The aim of this panel is to challenge the polarized debate about diaspora, exile, transnationalism and other concepts around the phenomenons of mobilization, and to find more versatile alternatives to generalized understandings relating to one's sense of belonging to place(s).
The assumption that people will live their lives in one place, no longer holds. Rather, people increasingly belong to two or more places at the same time; for some, home is a foreign country, and many have moved away from their home because of war, crime, or catastrophe. This is what many researchers refer to as diaspora, exile, or transnationalism.
The theme of this panel focuses on these concepts that we use to refer to a home abroad, as well as life behind the border. The aim of the panel is to challenge the polarized debate about diaspora, exile, transnationalism and other such common concepts around the phenomenons of mobilization and people crossing borders, and to find more versatile alternatives to generalized understandings relating to one's sense of belonging to place(s).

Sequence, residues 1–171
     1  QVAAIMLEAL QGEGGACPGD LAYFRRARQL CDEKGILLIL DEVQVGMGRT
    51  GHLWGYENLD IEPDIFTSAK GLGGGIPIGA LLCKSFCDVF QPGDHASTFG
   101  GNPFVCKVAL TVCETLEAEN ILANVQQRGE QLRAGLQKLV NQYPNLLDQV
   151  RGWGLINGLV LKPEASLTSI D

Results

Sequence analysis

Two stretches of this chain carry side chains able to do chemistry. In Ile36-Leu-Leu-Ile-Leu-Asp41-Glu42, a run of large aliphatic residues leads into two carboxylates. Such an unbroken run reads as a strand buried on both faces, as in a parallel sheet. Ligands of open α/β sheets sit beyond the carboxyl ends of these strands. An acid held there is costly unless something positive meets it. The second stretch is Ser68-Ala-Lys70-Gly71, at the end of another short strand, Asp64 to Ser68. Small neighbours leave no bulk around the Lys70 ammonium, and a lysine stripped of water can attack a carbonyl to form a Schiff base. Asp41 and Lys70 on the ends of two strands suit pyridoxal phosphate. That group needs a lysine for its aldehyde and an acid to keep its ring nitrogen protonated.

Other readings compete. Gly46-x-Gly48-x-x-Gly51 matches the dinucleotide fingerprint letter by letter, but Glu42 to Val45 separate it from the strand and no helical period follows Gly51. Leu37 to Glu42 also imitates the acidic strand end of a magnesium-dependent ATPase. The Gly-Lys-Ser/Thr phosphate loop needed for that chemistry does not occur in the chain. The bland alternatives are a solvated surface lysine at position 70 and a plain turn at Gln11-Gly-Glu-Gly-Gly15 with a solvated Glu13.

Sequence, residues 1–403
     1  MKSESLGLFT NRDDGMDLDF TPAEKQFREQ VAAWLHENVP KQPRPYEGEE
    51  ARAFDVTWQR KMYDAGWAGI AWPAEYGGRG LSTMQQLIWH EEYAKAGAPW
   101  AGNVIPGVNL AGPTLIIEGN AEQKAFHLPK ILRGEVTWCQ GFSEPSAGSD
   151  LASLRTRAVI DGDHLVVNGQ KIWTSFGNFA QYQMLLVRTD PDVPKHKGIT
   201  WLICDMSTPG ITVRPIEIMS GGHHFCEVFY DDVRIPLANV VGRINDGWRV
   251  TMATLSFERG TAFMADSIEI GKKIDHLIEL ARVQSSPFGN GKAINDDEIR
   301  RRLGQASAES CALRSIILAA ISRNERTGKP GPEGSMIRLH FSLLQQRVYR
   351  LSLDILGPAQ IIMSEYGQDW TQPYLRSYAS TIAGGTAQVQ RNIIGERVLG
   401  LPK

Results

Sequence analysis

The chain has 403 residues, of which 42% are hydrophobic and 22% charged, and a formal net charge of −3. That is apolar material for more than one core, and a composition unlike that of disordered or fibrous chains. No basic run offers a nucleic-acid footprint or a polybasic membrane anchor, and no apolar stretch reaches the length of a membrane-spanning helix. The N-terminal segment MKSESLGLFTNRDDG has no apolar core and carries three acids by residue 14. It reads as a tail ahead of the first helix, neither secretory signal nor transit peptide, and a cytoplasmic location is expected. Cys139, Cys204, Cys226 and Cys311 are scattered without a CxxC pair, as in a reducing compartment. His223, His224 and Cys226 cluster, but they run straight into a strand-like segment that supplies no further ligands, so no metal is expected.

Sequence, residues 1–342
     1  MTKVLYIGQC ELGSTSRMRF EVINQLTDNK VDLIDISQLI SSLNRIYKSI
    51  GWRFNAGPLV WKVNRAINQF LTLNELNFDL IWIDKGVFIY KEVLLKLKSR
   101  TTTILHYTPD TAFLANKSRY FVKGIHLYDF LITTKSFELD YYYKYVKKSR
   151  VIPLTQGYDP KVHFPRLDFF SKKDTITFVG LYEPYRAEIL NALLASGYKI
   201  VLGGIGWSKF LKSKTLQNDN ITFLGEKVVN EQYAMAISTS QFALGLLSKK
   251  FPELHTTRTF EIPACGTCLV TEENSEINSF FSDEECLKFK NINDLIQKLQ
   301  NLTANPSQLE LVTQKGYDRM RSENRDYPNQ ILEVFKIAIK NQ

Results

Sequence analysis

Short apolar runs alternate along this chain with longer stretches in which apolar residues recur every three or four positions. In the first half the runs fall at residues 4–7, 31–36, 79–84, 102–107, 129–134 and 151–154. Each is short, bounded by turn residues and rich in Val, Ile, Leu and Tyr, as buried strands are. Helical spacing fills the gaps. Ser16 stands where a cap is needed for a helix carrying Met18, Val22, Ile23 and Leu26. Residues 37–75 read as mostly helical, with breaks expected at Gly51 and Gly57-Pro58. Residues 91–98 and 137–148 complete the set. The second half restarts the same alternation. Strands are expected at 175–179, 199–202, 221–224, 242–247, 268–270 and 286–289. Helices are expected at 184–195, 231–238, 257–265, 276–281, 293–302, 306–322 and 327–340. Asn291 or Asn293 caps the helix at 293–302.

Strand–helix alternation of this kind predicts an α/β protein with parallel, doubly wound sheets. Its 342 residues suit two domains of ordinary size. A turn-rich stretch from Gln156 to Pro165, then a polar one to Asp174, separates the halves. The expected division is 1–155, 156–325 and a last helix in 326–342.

The suggested topics for discussion are, for example: What are the inner meanings of border crossings and how people narrate their real-life experiences of moving from one place to another? What do the concepts of diaspora and exile mean in practice and how are they experienced (if they are) and narrated both personally by the people crossing borders and theoretically by researchers? What happens when people move across borders and stay permanently abroad, and what does it mean when home is not in one place but rather in several places or between places? How do people act in diaspora / exile / a foreign country and how do they narrate their experiences of being in a foreign place?